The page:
Banquet Entertainment Keoni Thompson Previous Convention Materials 7-14 2015 Convention Membership Meeting Minutes Membership Materials 15-32 Membership Brochure Hawaii Beef Industry/HCC Strategic Plan Review Recommendations - 2015 HCC Strategic Plan Prioritized Overview (as of 1/1/16) Our Industry In Action 2016 Cattle Industry Infrastructure Needs & Recommendations The Paniolo Hall of Fame Nomination Form & 2017 Criteria Hawaii Cattlemen’s Foundation NCBA Convention 2017 Notes



Convention Agenda Friday, November 18, 2016 | Waikoloa Beach Marriott Resort & Spa Cattlemen’s College Resiliency – Responding To Changes In Climate, Land Use & Prices 7:00 am


7:45 am

Welcome and Introductions

8:00 am

Weather Outlook 2017 & Beyond Kevin Kodama, Hydrologist | National Oceanic and Atmospheric Admin

8:50 am

Break / Vendors

9:00 am

CattleFax Outlook & Strategies 2017 Randy Blach, Executive Vice President | CattleFax

10:15 am

Break / Vendors

10:30 am

Alternative Markets, Trends & Opportunities For Hawaii Producers Randy Blach, Executive Vice President | CattleFax

11:00 am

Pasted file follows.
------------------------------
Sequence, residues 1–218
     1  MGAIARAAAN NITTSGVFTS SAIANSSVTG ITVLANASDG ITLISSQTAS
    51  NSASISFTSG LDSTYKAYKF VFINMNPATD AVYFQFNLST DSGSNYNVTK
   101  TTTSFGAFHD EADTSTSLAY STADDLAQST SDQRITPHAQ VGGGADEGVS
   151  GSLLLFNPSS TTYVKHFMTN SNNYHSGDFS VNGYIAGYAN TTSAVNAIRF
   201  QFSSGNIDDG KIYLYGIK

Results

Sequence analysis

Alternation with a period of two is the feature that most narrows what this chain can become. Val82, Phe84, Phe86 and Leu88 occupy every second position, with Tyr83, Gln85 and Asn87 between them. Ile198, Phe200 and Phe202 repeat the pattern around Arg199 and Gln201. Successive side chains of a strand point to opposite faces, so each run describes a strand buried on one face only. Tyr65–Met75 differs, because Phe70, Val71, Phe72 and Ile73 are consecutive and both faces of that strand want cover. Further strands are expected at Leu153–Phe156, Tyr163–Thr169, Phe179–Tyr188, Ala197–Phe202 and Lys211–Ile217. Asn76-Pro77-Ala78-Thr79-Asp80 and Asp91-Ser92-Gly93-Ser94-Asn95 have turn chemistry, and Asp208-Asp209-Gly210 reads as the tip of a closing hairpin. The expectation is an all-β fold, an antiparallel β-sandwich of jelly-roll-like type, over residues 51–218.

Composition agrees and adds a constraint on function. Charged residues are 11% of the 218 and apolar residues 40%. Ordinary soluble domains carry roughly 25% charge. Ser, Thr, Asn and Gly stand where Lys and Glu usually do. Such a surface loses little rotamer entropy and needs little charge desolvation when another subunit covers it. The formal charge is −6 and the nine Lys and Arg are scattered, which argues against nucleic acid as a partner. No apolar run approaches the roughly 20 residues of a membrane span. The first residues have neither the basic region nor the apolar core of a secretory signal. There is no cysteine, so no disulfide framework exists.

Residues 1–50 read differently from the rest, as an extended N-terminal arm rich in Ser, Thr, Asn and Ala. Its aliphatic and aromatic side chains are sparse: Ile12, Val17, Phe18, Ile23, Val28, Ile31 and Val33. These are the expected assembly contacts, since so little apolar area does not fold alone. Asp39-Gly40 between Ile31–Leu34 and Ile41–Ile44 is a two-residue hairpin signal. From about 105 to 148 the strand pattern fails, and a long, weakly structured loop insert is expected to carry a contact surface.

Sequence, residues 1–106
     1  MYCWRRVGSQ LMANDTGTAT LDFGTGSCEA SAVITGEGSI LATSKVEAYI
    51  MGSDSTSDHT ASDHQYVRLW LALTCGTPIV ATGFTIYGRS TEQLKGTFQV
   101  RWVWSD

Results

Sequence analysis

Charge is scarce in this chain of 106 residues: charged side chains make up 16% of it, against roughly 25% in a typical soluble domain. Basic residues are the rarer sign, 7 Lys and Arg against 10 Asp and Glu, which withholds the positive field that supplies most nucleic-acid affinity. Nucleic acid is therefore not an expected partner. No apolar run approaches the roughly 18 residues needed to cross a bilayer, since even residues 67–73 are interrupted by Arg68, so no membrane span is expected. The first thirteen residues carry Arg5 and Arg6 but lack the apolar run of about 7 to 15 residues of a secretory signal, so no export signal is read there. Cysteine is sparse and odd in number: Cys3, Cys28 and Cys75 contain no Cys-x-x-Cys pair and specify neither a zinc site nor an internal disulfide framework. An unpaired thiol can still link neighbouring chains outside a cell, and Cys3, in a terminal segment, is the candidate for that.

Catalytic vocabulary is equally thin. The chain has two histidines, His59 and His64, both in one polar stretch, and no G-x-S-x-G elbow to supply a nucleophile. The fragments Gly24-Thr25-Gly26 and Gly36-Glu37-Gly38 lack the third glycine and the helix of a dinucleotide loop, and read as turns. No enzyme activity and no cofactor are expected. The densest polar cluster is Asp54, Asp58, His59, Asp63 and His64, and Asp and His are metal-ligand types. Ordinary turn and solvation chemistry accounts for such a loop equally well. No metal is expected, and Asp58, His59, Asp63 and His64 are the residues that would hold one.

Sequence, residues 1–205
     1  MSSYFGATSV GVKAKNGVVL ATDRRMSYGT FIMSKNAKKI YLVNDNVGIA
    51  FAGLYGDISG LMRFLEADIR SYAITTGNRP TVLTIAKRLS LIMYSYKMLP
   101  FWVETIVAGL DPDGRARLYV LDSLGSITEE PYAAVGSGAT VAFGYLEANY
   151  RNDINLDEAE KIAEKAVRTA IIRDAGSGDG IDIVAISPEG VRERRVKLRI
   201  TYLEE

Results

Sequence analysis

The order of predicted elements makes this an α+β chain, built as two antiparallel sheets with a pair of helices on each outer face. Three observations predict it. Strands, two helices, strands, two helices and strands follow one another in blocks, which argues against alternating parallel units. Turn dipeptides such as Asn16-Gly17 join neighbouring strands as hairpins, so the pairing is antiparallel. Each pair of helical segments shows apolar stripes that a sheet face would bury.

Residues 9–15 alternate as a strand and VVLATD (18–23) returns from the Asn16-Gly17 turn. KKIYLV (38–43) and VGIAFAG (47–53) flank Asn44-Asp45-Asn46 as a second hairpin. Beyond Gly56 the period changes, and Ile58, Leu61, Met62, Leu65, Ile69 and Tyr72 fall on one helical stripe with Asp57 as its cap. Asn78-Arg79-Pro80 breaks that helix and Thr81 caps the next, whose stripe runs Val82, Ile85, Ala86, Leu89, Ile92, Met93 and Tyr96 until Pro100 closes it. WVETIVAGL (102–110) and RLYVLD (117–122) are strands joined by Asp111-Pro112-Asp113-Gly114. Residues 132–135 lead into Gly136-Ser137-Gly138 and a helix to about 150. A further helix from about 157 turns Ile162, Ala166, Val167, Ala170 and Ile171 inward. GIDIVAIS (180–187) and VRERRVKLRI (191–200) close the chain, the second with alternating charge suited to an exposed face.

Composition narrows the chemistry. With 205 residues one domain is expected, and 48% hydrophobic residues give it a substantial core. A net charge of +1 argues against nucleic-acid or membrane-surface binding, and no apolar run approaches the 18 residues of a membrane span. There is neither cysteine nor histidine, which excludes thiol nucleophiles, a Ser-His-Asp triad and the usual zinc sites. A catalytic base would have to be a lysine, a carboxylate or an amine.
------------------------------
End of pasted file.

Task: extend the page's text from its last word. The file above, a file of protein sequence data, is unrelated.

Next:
“The Grid And The Slide” – How To Make These Work For Me Randy Blach, Executive Vice President | CattleFax

12:00 pm


1:00 pm

Mapping Hawaii’s Agricultural Footprint Jeff Melrose, Land Planner | Island Planning, Inc.


Break / Vendors

2:15pm Selecting & Prepping Calves For Shipment Dr. Che Trejo | Zoetis Beef Technical Services 3:15pm

Break / Vendors

3:30pm Shippers Panel Discussion - Tentative List/Subject To Change American Pacific Inc. International Black Rock Cattle, LLC Hawaii Cattle Producers Cooperative Association Livestock Services, Inc. Lone Tree Cattle Company Pacific Livestock, Inc. 4:30pm Adjourn



Convention Agenda Friday, November 18, 2016 Evening Activities

5:30 pm

Cocktails Live Music by: Keoni Thompson

6:30 pm


7:15 pm

Awards & Announcements “Cattleman of the Year Award” – Sponsored by:x Farm Credit Services, Linus Tavares

7:45 pm

Live Auction Bud Gibson, Auctioneer

Mahalo To Our Sponsors Cattlemen’s College

Morning & Afternoon Breaks

Cattlemen’s Luncheon Wilson Cattle Company


Membership Meeting Breakfast

Cocktail Reception




Convention Agenda Saturday, November 19, 2016 | Waikoloa Beach Marriott Resort & Spa HCC Annual Membership Meeting | HCA Semi-Annual Meeting